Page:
The British 58ho181' of Buddhism.'.e disciple comes as a guide who opens access La spiritual attains enlightenment. not sin and repentance. 111. traditions of reality in Thomas The exercise although ion (koans do not emerge in Zen until the end similarities in koans and the Christian reality interand for reading lhe two traditions literary in. has suggested have influenced such writings up between exchange tact with the Thomas XJ(i). 461 . DOL or I am suggesting that this lnfluenoe.. Christians . SOUt11 India" [Conze. influence on Thomas The possibillly of there having been a Buddhist Elaine Pagels in The Gnostic Gospels notes that the living Gnostic texts speaks of illusion "Instead and enlightenBut when of coming to save us [rom si. BeGaLL~eyou have drunk. He who will drink from my mouth will become as [ am: 1 myself shall become he.. this identity for illusion and enlightenment. (Hence ill the early Syriac Judas Thomas.) the Crace-Roman in Alexandria. As Pagels points out. JeSLlS no longer serves as his spiritual identical" of [esus. . :35 ana 50l." [Thortl<16. revered master: the two have become equal-even the voice of Thomas is Didymus church as an apostle and twill brother Jesus said. apprehension presented textually. be understanding.. of the divine and human. Conze.iJ1 Christians who knew and used as the Ga. and for generaticus Buddhist had been proselytizing is provocative. not a savior sound more Eastern easily be lhe living Buddha. but I se" til represented as suggestive if indeed there was any. Trade between in Gnosticism. in Pagels. missionaries influence and world and the Far East was opening The possibility 80 and 200 C.E.n. look between the Buddhist lhe form of koan transrnis 01 the first millennium). Jesus of the Nag Hammadi ment. xx).This perspecti is not remote. "I am not your master.speio/Thomo. which I am engaged is primarily I think it has a bearing on recenttrends in reading scripture exemplified in scriptural or textual reasoning. Since all religious and inlerpretation reality. yCJII ha V(:) become drunk from the bubbling stream which r have measured oul. reading of texts in some form ways can texts in common engage in the reading interreligious or other in order to apprehend h lp further WINTER 2002 dialogue. Edward fact that Hindu or Buddhist tradition may well He points out that "Bu ldhists were ill con(that is. e sounds more Buddhist than Christian. and the things that are hidden will be revealed La him.) (Pagels. concern who is a spiritual guide The living Jesus could as and a founder than Western. imaginative.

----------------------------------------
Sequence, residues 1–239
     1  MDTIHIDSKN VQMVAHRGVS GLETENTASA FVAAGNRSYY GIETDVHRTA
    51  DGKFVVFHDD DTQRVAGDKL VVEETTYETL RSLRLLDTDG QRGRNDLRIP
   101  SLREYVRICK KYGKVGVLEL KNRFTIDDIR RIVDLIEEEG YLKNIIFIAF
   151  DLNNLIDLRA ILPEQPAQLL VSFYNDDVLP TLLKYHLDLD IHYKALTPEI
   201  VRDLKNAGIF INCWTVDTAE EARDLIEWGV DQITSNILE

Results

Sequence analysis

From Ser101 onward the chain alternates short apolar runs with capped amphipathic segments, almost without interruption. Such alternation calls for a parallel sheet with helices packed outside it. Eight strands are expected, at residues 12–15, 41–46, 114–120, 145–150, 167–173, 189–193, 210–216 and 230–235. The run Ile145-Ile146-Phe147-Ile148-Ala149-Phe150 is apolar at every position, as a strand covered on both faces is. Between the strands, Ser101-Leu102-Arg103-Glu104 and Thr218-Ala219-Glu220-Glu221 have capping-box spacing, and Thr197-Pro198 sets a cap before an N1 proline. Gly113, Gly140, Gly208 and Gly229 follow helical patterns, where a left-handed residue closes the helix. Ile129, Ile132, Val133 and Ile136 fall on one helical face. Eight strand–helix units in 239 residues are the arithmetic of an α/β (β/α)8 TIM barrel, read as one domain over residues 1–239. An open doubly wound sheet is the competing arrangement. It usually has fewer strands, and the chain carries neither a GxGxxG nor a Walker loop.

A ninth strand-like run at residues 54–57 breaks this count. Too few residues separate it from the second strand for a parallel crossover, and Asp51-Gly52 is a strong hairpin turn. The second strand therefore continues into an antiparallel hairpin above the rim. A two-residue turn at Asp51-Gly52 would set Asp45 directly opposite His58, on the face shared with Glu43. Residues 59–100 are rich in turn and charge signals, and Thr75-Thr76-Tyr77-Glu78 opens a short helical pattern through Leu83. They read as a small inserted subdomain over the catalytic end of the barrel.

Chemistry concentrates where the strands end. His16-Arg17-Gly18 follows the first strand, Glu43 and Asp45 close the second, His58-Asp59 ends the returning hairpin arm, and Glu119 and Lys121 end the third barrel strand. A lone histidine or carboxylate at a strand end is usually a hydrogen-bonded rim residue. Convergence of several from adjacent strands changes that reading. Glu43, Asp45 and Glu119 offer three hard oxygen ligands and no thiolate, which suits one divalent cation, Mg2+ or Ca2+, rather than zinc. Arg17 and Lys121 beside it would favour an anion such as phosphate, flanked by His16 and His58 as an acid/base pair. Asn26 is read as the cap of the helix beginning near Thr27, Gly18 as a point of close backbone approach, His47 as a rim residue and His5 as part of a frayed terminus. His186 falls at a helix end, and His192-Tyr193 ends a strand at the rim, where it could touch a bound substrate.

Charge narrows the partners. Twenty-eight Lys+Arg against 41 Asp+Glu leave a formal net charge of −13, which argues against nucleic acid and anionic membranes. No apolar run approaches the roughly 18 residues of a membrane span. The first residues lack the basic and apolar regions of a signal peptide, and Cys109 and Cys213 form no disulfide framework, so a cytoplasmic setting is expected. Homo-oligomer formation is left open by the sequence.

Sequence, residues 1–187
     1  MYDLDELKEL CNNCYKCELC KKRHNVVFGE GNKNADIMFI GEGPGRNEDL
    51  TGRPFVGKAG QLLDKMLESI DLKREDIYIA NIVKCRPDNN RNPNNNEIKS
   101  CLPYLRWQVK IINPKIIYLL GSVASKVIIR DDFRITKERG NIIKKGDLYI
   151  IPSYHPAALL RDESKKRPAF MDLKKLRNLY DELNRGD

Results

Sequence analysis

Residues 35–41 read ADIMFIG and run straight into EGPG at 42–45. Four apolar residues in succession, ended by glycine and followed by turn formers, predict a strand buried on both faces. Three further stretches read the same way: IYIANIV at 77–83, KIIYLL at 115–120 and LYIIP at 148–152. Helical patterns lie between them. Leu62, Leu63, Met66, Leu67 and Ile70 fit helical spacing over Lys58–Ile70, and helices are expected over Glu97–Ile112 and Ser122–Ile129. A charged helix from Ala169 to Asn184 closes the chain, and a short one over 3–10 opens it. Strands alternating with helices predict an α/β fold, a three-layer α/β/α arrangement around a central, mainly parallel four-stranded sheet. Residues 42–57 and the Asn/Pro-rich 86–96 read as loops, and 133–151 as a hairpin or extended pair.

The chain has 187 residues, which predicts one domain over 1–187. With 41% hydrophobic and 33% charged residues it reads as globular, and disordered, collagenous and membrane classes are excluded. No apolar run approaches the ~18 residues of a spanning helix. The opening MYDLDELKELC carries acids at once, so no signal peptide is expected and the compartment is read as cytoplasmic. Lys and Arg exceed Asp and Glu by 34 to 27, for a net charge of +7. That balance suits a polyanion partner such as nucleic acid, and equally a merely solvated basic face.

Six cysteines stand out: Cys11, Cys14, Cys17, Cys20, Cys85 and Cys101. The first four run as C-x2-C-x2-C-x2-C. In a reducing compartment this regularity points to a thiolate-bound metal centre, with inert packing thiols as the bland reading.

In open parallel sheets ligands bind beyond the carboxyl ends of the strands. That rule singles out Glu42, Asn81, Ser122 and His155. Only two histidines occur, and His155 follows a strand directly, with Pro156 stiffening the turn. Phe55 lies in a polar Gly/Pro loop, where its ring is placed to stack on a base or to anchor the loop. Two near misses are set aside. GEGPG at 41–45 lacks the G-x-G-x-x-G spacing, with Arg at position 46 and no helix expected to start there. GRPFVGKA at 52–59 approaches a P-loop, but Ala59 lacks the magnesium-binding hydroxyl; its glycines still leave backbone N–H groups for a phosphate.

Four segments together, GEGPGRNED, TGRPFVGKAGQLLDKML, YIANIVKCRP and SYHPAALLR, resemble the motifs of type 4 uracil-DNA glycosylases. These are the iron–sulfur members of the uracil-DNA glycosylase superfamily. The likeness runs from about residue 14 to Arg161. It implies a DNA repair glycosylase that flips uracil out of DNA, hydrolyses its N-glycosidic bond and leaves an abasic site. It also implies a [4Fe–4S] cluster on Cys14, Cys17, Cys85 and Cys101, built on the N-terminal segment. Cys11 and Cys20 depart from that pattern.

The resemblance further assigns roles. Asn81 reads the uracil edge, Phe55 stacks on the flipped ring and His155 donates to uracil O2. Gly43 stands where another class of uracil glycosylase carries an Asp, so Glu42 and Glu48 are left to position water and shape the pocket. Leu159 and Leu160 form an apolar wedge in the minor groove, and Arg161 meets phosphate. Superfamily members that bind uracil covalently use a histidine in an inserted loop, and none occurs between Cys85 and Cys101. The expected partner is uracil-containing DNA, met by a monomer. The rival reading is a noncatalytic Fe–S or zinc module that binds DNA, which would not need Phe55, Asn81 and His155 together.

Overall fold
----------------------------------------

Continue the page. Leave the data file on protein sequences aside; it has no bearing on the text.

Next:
[Foulk. as a new and meaningful. Essentially. lip for some sort at' specia I scrutiny. on a case. ..aning of a lext but [hen promulevolution ofthe primary as indeed . is ongoing in Buddhist of koan tradition in the oral Torah of Judaism. to treat a particular passage from the petriurchal records as a koan is precisely to single it out and problematiza il as something profound and difficult to penetrate. which is assumed to b an especially profound expression or encapsulation of the awakened mind of th patriarch La whom the wards are attributed . (the Buddha) speak but held up a Hower beCROSSCURRENTS . are suggestive for om reading outside Thomas. The koan may be thought in which Sakyarnuni 462 of as being "transmitted did 110l the scrip- tures. brier sayings. or koan is as good as any-and particularly useful They are Foulk s definition lor my purposes. a case before a court or the ten brief sitting on a magistrate's record of a judge's decision tice came Lo be regarded attainment. In Zen. 40).e. That is lo say. or anecdotes that have been excerpted from the biogra ph ies and disco urse records nl' Ch'an/Son/Zen patriarchs and he lei. all scripture shares this attribute when it is read on its OW11 terms. Revelation Two other aspects the m . lightenment." to use the phrase from case 13 of the Gaieless Barrier (Mumonkan). equates with.Ih former a primary and the latter a secondary collection. in whi h experts not only interpret gate their Interpretation text itself. The Christian texts la k this commentary tradition. There is an implicit demand for interprotatton in the very selection of a passage for usc as a koan. renders the koan a conundrum and frustrates the discursive intellect" (Foulk. it exists wi U'iOIJ L commentary by subsequent masters.. . fHl- The one sitting in iudgmentis To be found guilty Is 10 be judged deluded.Koans Speaking implicit of koans. in Heine and Wright. dialogues. That scru tiny always involves interPI' ting and commenting all the passage in question. 17) Kung-an (the Chinese word for koan) means public table case and derives from jurisprudence tnmedieval China. Griffith Foulk writes that the "tension demand lor interprelatinn between the that the root case presents and the ex- plicit rejection of interpreLationby the com mentary .it is of commentary. Lhe exemplary cases for pracas authoritative standards for judging spiritual not a magistrate innocence but the master. Two representatives of the major kinds of koan collections are the Gate] 5S Barrier and the Blue C]ifrRecord . it would be primary in this classification.. T. II" Thomas were a koan collection. Kung-an came to signify a writi..